Trump Issues Renewed Permit for $8 Billion Keystone XL Pipeline, Bypassing Environmental Rules

U.S. President Donald Trump on March 29 issued a new presidential permit for the long-delayed Keystone Xl oil pipeline, replacing the one granted in March 2017. The move provoked a backlash from conservation groups, which called it an effort to bypass federal environmental laws. The action comes after a court blocked the project in November 2018, saying the Trump administration had not fully considered the environmental impacts of the project.

The U.S. District Court for the District of Montana, in a November decision, vacated the 2017 decision that issued a presidential permit for the project. The court said that that the U.S. State Department did not take a “hard look” at the environmental impacts of the project and disregarded prior climate change related findings. The ruling found that the analysis did not fully review the effect of oil prices on the viability of the project, potential for oil spills, and the cumulative effects of emissions. The decision bars the U.S. and TransCanada from engaging in any activity to advance the construction or operation of the pipeline and associated facilities until the department completes a supplemental review. The court allowed TransCanada to conduct preliminary work, while construction remains blocked.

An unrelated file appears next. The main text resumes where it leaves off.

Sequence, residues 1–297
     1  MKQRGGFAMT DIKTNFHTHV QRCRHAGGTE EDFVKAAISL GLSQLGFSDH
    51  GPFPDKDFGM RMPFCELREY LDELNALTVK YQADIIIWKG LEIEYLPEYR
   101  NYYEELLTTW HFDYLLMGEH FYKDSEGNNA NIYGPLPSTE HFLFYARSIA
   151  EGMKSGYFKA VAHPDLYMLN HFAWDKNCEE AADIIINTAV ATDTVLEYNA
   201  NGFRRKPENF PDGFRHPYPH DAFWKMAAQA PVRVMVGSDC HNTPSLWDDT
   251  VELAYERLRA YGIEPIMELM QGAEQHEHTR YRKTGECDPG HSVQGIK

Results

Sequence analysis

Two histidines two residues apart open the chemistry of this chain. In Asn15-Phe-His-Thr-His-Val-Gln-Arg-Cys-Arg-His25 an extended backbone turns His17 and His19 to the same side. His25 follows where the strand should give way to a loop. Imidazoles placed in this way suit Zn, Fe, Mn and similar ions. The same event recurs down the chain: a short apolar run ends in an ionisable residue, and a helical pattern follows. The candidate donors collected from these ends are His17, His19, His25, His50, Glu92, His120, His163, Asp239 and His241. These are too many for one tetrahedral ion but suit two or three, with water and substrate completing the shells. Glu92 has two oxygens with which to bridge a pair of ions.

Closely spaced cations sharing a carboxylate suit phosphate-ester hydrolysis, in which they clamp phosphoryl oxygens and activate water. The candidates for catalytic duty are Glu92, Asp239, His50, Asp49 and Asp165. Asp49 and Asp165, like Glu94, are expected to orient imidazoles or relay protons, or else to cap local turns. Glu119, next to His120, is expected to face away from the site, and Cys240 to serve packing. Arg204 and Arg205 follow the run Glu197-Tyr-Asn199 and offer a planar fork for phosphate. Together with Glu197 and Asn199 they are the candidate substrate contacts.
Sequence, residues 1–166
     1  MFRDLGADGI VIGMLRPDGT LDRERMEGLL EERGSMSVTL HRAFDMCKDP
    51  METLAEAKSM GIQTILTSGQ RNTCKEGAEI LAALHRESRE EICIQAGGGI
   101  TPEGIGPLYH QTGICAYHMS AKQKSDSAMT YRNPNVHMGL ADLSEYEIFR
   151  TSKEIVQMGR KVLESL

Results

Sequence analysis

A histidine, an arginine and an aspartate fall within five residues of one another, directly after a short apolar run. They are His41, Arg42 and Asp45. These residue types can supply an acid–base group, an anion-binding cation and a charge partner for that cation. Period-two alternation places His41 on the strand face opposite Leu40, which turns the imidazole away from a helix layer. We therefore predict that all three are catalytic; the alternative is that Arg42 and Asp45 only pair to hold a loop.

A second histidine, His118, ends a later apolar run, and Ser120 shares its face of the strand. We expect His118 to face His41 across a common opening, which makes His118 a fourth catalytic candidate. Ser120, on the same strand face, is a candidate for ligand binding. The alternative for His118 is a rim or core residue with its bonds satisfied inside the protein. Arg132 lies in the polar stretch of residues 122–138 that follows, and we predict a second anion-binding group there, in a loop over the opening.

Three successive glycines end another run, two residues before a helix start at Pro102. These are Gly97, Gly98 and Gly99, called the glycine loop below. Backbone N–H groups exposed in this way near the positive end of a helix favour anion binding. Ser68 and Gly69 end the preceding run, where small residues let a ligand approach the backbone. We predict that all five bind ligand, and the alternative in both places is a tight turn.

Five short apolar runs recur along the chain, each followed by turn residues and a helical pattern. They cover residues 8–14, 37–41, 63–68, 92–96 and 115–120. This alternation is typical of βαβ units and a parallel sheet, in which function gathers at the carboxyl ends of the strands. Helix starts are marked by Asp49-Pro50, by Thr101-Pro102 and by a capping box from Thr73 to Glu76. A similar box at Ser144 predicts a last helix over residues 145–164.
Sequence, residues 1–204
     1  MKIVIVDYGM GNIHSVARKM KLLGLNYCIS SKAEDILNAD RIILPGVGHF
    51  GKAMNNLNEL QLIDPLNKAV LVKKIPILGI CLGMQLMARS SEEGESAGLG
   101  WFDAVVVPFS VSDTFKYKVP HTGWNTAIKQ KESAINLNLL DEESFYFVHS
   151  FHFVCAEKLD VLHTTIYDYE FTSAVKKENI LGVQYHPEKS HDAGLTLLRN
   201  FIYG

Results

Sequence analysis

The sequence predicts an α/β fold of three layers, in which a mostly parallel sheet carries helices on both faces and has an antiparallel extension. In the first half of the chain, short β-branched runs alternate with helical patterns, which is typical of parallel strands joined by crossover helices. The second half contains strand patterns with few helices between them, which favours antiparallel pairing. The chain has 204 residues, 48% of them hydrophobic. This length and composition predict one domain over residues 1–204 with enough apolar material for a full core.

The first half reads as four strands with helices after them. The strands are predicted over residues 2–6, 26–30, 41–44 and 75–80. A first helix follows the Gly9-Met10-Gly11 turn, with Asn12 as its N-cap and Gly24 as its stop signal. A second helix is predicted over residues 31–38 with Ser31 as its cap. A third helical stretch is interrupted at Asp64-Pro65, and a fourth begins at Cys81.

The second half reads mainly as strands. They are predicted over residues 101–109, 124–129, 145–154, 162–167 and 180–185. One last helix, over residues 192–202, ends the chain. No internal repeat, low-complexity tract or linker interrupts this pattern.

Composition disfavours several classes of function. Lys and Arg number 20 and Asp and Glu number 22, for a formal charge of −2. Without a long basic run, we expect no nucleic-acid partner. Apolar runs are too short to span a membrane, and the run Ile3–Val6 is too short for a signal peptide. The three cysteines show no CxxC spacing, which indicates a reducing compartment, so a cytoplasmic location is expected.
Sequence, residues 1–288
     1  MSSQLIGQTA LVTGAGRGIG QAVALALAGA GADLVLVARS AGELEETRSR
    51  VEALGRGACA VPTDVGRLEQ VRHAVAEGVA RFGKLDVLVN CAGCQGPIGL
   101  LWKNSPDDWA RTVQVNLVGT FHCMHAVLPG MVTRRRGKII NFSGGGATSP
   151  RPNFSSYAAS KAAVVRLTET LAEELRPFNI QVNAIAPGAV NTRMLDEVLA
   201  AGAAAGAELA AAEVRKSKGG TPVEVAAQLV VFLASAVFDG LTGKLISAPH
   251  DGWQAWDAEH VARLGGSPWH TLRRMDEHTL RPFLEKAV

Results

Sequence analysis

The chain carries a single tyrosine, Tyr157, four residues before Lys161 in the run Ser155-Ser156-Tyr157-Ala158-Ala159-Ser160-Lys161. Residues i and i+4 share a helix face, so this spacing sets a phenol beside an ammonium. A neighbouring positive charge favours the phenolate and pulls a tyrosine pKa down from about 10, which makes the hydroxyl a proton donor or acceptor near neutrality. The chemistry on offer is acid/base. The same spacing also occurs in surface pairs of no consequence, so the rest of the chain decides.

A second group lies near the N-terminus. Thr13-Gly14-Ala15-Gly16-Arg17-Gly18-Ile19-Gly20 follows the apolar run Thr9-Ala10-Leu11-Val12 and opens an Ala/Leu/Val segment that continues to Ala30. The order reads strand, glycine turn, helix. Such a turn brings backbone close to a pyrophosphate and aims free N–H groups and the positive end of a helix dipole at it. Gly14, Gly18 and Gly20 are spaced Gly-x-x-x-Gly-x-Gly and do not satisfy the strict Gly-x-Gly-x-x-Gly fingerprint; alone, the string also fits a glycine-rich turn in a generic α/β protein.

TransCanada submitted its first presidential permit application for the proposed cross-border pipeline project in September 2008, but the Obama administration denied the permit in 2012, citing environmental concerns posed by the pipeline route through Nebraska’s Sand Hills region.

The 1,179-mile pipeline would run from the oil sands of Alberta, Canada, to Steele City, Nebraska, where it would join existing infrastructure, carrying 830,000 barrels of oil per day.